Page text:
What Are Miranda Rights?
Whether it’s from a TV show or a movie, you’ve probably seen a character “being read their Miranda Rights.” Though it’s an expression most of us have heard before, not everyone truly knows what those “rights” are, or what they mean in the context of an arrest.
History of Miranda Rights
Miranda Rights are supported by the Fifth and Sixth Amendments of the United States Constitution:
The Fifth Amendment lays out an individual’s right to refuse questioning about a crime they are accused of, whether that be in court, on the side of the road during an arrest, or anywhere else. In layman’s terms, an individual cannot be forced to make incriminating statements (or any statements for that matter) about themselves. Nor can they be forced to be a witness against themselves.
The Sixth Amendment deals with an individual’s right to obtain legal counsel at any point after being brought into police custody.
Miranda Rights were officially created after the 1966 U.S. Supreme Court case of Miranda v. Arizona. After being arrested for stealing money from a bank employee, Ernesto Miranda was intensely interrogated by police, which resulted in him confessing to and being convicted of several crimes. Miranda’s case was appealed to the Supreme Court however, who overturned the conviction. They ruled that Miranda’s statements could not be used as evidence against him, since he’d never been informed of his right to remain silent or his right to a lawyer.
The Miranda Rights Script
States may vary slightly in terms of what they require law enforcement officers to say when reading someone their Miranda Rights. In general though, most police officers recite the following Miranda Rights speech:
“You have the right to remain silent. Anything you say can and will be used against you in a court of law. You have a right to an attorney. If you cannot afford an attorney, one will be appointed for you.”
Though the words recited do not have to exactly match those written above, they do have to convey the same message:
You have the right to remain silent, meaning you do not have to answer any police officer’s questions after being brought into custody. However, it should be noted that exercising your right to remain silent prior to being brought into custody can be viewed as suspicious. This is known as “pre-miranda” silence. The best way to handle questioning before you’ve been read your rights is to have a blanket answer for every question asked. Something like “my lawyer says I shouldn’t answer any questions without them present” should do the trick.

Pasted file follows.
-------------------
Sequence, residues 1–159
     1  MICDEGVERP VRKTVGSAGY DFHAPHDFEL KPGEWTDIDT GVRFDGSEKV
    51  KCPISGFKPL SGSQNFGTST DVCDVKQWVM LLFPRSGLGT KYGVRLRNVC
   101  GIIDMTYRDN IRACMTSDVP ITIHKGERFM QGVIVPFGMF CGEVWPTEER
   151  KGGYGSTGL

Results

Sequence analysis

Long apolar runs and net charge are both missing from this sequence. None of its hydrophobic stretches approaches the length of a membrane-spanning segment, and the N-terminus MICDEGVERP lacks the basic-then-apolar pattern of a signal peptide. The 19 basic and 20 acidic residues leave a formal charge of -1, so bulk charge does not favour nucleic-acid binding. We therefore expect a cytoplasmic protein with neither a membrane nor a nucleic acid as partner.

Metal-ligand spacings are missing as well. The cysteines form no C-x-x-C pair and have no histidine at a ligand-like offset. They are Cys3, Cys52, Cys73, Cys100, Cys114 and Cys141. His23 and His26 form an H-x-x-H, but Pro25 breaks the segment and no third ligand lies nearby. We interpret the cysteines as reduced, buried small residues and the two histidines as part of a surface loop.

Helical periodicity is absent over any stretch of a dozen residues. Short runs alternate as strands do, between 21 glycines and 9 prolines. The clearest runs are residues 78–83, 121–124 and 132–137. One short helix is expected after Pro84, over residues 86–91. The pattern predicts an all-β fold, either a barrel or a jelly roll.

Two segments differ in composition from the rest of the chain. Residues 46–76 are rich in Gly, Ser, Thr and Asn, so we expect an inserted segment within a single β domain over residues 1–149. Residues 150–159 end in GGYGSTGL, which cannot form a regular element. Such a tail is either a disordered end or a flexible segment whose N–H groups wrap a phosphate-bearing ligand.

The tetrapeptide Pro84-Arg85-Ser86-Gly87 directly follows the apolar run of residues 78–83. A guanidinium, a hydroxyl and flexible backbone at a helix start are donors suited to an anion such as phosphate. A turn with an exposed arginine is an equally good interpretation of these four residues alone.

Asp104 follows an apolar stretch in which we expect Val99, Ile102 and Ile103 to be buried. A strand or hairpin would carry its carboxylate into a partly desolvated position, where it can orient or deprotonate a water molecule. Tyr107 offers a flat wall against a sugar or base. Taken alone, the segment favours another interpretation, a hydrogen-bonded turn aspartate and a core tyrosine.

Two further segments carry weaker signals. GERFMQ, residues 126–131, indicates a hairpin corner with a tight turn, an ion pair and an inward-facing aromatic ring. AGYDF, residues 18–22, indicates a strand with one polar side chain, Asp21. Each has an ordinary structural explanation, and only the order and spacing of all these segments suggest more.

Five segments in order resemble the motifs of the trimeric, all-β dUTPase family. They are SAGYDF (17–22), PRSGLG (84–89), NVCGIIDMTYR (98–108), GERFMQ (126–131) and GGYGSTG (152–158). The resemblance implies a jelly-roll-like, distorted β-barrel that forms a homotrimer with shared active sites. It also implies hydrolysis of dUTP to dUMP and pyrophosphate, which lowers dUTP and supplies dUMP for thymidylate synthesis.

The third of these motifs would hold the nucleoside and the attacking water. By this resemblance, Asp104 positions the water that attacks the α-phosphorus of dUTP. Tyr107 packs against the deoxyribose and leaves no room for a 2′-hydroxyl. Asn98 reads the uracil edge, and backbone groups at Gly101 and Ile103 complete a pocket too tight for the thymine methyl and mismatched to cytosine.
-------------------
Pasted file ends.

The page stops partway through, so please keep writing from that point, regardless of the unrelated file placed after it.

Anything you say can and will be used against you in a court of law, meaning that if you do choose to speak/answer questions after being read your rights, anything you say can be used as evidence against you. Remember, your words can easily be twisted or used in a context that can make you seem guilty, even if you’re not. It’s always, always best to avoid speaking and exercise your Fifth Amendment right until you can speak to a lawyer.
You have a right to an attorney, meaning that you must be allowed to seek the advice of a criminal defense attorney and have them present with you while you are being interrogated. If police continue to question you, even after you have been read your rights, all you have to do is say “I’d like to speak to my attorney,” and the police must immediately stop questioning you.
If you cannot afford an attorney, one will be appointed for you, meaning that if you do not have an attorney already and/or cannot afford to hire one, the government will appoint one for you. This part of the Miranda Rights is in place to ensure everyone has the same access to legal counsel and can exercise their right to it during questioning, no matter their economic or financial standing.
When Do Police Have to Read Miranda Rights?
Law enforcement must read someone their rights any time they are in police custody, whether that be because they’ve been arrested or otherwise detained by police officers. In other words, if the police are preventing you from leaving the scene, they are legally required to read you your rights.
The flipside of this is that some police officers will purposefully not detain someone. By telling a person that they are free to leave the scene, the police can avoid reading them their Miranda Rights in the hopes that they say something incriminating. This is one of the many reasons it’s best to simply avoid speaking to police during any kind of confrontation.
What Happens When Miranda Rights Aren’t Read?
Again, if you are in police custody, they must read you your rights. Failure to do so means that they are in direct violation of the law, and anything incriminating you say cannot be used against you. That said, having not been read your rights is not an excuse for you to speak freely. It’s still best to remain silent until you can consult a criminal defense lawyer. Just because you haven’t been read your rights, doesn’t mean you can’t be found guilty of a crime.
It’s extremely important that every United States citizen understand their rights fully, so that they may exercise them if they ever need to. If you’ve been arrested or charged with a crime in Wilmington, NC, and you believe your Miranda Rights have been violated, you should immediately ask to speak to the criminal defense lawyers at Mulligan Attorneys. We’re happy to set up a consultation to answer your questions and discuss your case. Contact us to speak to a North Carolina criminal defense attorney, at 910-763-1100.